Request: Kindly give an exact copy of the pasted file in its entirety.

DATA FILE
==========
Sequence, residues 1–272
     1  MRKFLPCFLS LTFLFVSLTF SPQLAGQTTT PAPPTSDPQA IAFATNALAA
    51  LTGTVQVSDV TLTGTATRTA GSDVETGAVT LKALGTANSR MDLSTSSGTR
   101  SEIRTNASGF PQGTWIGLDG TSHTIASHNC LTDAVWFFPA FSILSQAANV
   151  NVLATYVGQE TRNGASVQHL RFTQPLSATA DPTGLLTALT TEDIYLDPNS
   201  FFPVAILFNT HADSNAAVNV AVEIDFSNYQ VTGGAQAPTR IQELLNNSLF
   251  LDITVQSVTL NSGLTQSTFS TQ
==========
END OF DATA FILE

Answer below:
Sequence, residues 1–272
     1  MRKFLPCFLS LTFLFVSLTF SPQLAGQTTT PAPPTSDPQA IAFATNALAA
    51  LTGTVQVSDV TLTGTATRTA GSDVETGAVT LKALGTANSR MDLSTSSGTR
   101  SEIRTNASGF PQGTWIGLDG TSHTIASHNC LTDAVWFFPA FSILSQAANV
   151  NVLATYVGQE TRNGASVQHL RFTQPLSATA DPTGLLTALT TEDIYLDPNS
   201  FFPVAILFNT HADSNAAVNV AVEIDFSNYQ VTGGAQAPTR IQELLNNSLF
   251  LDITVQSVTL NSGLTQSTFS TQ